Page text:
Full stack developers are often measured by how many end users have used their features.
Tech employers use this information to form opinions on how much you’ve had to focus on scalability.
This is also a great way to quantify your results.
For example, maybe you’ve worked on a feature that has had over 1,000 Daily Active Users. Or you’ve built a tool that can process millions of rows of data. Mention that!
Or perhaps your software helped a small number of enterprise clients improve their business workflow. Definitely include this!
If the things you built had low usage - its okay. There might still be valuable technical experience.
But remember to talk about work that you did that had the most impact. Especially if it was technically challenging!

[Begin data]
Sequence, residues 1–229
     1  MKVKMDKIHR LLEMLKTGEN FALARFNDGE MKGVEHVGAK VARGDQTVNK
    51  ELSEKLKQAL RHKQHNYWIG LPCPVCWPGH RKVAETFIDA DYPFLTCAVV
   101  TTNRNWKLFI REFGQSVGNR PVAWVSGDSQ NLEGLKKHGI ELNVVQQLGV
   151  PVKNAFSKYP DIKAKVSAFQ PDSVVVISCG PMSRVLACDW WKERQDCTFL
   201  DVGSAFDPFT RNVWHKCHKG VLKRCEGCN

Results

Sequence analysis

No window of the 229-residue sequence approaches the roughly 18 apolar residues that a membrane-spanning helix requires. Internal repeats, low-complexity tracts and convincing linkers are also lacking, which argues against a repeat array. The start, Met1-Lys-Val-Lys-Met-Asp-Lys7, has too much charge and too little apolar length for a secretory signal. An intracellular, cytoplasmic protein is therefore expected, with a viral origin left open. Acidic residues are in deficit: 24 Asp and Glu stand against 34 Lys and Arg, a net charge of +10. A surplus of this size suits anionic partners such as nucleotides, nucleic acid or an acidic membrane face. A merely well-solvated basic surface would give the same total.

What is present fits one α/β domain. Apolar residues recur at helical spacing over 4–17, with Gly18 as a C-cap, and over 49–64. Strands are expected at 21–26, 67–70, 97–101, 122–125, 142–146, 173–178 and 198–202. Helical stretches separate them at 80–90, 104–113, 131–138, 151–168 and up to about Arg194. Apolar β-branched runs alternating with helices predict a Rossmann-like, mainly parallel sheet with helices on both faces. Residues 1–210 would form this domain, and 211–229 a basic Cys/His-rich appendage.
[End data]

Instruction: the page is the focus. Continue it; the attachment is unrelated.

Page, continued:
I'm talking about testing, like TDD, integrated testing, etc.
Employers want to get a sense that you’ve not only shipped new code, but also maintained it with proper test coverage. Or even on-boarded team members into it.
These are keywords that must be included to show your abilities as a full stack developer.
I've included the text version of my resume's experience section below:
I’ll be honest.
In many small to mid-size employers for full stack engineers, your education might not be that important.
It might not even be looked at.
Larger tech companies though may give it a closer look.
Few even have different compensation bands based on your level and degree (Bachelors vs. Master).
If you’ve attended a university, you should include that on your resume. Especially if your focus was computer science.